Actually Elenus had not taken anything. As Andromache recounts in the Aeneid (II, vv. 328-329) it was Neoptolemus who had handed her over, a prisoner of war and his concubine, to Elenus, who was also enslaved. This, in turn, had then received from Neoptolemus himself, before he died, part of the kingdom, the Caonia, at the hands of Orestes.
Neoptolemus (also called Pyrrhus) after the death of his father Achilles, was convinced by Ulysses to participate in the destruction of Troy: the oracle had predicted that only with the presence of Neoptolemus and Philoctetes the city would be conquered by the Greeks. In the war he distinguished himself for valour: he killed King Priam on the altar of Apollo, desecrating him, and the god, indignant, punished him forever preventing him from returning to his homeland, Thessaly. He then settled in Epirus, in the territory of the Molossians of which he became king and founder of a dynasty in which, over the centuries, they alternated rulers who boasted of descending from him or from Molosso, the son of Andromache.
According to the Little Iliad ( lost Greek epic poem, part of the “Trojan cycle”), Andromache, widow of the Trojan hero Hector, after the fall of the city, fell to lot as war prey to Neoptolemus to whom she gave birth a son. According to the legend recounted by Euripides in the tragedy Andromache, represented shortly after 428 BC, barely managed to save herself and the little Molossus from the jealousy of Hermione, who in the meantime became the legitimate wife of Neoptolemus. In modern dramaturgy the myth was treated by J. Racine in the Andromaque (1667), set in Butrint in a hall of the royal palace of Neoptolemy. It was later inspired by several melodramas and musical works (Sacchini, Grètry, Saint-Saens), including Andromaca by G. Paisiello (1797).
It is one of many links with Virgil’s current affairs that alludes to the initiatives of the Princeps, who wanted to make Butrint a colony for the veterans who had fought alongside Julius Caesar against Pompey, according to a project of his uncle never realized. With the new status the city expanded and were built, or otherwise renovated, an aqueduct, spa facilities, the forum and a monumental nymphaeum.
T. Pomponio Attico (110-32 BC), equestrian, successful entrepreneur, man of great culture and generous munificence, publisher of literary works and author himself, as well as advisor of illustrious characters and expert collector of works of art, He was also connected to Cicero by family ties, since his sister Pomponia had married Cicero’s brother Quintus. Atticus was the recipient of many of the Letters (Epistulae, vol. 6) which the celebrated politician and intellectual wrote and which constitute a fundamental work for the knowledge of the Latin world of the late Republic. His villa purchased near Butrint, known as Amalthea, after the nurturing goat of Zeus, included a small private sanctuary, with the sacellum used as a resting room. Atticus, describing him shaded by plane trees and lapped by the waters of the Thyamis, speaks of it in his correspondence to Cicero, particularly eager to receive detailed information on the beauty of the place and the Amaltheion, because he wanted to make a similar one in his Arpino estate. A recent study proposed to identify the rural residence of Atticus with the monumental complex of Malathrea, locality in the Pavla valley. It is a plant, of residential and productive function, dating back to the III century b.C. and expanded in the I century b.C. from Attico; because it was located in a place without natural defenses, to defend against possible pirate raids of the Illyrians or predatory acts, was fortified with an imposing boundary wall and four towers.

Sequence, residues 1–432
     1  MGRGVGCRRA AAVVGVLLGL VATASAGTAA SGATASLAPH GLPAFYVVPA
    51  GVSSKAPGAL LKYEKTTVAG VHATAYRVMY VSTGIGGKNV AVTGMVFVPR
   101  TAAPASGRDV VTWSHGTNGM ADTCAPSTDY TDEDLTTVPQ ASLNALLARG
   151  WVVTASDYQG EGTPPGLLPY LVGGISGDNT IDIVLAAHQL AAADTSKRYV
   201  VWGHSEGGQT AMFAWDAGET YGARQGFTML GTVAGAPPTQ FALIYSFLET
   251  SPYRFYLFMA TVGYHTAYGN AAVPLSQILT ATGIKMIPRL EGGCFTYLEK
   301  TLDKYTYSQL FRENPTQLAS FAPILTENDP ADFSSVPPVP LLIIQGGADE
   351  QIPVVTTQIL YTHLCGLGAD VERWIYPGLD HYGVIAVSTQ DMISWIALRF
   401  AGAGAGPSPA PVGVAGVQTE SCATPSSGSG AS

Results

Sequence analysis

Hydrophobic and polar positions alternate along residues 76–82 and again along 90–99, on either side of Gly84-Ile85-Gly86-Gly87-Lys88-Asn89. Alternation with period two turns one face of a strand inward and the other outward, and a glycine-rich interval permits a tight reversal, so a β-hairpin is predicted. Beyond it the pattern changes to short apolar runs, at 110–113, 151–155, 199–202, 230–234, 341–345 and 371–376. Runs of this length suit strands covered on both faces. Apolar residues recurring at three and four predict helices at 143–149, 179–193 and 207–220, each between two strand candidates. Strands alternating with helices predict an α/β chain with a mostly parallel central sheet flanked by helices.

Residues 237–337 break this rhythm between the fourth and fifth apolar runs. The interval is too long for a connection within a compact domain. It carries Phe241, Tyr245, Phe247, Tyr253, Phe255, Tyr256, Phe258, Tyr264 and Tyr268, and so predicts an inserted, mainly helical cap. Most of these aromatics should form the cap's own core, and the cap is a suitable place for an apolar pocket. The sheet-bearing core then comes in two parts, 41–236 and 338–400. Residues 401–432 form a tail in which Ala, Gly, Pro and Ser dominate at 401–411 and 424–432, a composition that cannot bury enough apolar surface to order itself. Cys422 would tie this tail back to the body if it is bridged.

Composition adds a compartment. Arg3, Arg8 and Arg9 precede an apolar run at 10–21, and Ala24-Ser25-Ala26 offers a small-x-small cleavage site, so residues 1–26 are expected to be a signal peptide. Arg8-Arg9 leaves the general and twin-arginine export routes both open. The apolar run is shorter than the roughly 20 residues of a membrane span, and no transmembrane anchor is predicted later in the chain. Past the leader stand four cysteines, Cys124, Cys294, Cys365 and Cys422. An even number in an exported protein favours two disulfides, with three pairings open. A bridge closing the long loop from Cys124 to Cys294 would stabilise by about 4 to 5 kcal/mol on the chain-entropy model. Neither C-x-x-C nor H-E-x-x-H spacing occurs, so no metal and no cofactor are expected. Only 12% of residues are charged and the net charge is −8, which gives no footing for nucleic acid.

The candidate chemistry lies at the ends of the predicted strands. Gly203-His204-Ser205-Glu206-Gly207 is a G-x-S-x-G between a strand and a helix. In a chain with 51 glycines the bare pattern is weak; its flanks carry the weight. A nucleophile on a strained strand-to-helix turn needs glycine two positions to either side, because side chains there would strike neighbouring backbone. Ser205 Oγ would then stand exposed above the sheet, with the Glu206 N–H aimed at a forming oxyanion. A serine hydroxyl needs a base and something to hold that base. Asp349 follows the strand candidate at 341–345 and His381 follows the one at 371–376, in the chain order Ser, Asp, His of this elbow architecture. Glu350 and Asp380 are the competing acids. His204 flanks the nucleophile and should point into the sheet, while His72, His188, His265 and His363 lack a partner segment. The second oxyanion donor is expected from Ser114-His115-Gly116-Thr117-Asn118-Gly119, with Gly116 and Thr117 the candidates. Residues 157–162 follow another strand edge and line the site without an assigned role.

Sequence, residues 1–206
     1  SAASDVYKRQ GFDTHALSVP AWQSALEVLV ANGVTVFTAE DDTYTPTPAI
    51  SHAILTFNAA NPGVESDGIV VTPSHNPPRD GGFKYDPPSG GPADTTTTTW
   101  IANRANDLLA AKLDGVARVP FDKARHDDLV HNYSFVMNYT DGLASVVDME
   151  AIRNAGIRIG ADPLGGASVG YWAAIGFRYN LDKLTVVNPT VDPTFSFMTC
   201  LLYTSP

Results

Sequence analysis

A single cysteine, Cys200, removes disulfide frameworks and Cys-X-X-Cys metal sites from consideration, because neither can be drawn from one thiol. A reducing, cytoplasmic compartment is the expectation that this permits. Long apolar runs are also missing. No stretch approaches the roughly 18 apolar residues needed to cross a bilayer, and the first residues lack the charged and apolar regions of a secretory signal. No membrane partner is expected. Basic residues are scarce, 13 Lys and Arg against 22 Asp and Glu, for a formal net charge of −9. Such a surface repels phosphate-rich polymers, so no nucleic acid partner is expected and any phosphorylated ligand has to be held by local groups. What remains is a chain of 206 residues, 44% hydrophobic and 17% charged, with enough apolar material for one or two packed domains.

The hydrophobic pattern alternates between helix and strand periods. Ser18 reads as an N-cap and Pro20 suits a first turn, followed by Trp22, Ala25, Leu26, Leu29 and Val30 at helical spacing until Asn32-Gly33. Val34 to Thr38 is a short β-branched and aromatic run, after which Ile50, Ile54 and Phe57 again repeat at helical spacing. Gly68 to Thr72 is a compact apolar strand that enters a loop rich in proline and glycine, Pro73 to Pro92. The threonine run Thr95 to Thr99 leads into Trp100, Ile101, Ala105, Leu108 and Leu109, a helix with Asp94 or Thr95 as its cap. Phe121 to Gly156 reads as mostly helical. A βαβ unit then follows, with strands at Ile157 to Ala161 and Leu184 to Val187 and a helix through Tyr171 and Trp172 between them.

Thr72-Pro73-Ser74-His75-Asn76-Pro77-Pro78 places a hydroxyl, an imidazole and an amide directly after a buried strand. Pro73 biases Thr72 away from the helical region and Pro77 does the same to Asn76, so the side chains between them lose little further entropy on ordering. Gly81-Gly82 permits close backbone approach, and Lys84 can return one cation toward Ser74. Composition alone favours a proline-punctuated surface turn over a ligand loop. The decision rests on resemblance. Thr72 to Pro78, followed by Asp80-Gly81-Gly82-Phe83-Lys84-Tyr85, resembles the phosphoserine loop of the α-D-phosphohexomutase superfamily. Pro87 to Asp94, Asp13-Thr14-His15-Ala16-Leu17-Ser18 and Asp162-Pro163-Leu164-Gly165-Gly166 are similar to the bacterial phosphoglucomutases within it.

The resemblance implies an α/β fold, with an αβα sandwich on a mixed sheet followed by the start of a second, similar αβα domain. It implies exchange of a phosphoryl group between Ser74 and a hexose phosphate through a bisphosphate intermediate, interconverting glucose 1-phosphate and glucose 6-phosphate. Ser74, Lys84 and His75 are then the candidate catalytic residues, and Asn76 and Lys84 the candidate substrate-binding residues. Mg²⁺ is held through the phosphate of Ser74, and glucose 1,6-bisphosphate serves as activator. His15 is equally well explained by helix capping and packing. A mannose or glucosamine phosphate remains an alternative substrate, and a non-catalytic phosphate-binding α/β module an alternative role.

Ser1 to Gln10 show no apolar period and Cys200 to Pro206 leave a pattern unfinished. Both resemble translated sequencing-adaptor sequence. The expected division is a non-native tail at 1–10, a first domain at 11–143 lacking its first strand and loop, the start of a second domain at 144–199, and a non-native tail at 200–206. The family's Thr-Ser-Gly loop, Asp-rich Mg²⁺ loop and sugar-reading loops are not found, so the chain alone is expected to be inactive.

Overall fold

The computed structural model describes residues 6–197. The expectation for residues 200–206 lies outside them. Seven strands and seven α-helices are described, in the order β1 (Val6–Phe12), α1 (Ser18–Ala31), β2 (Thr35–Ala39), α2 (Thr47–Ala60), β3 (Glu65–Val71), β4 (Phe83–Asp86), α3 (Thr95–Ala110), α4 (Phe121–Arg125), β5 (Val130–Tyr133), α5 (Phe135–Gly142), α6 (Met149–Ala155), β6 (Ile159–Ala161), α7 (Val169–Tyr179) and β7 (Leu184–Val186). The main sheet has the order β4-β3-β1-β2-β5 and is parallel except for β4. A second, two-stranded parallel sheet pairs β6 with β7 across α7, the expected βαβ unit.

The building is of Greek type and therefore with the cavea leaning against the natural slope and was only partially renovated in Roman times. On one of the steps of the cavea is engraved a dedication, unfortunately not readable because of the gaps, bearing perhaps the name of the owner of the locus, the place. It is likely that, contrary to custom, the theatre rather than Dionysus was dedicated to Aesculapius, the guardian deity of the city, to whom a small temple was dedicated near the theatre.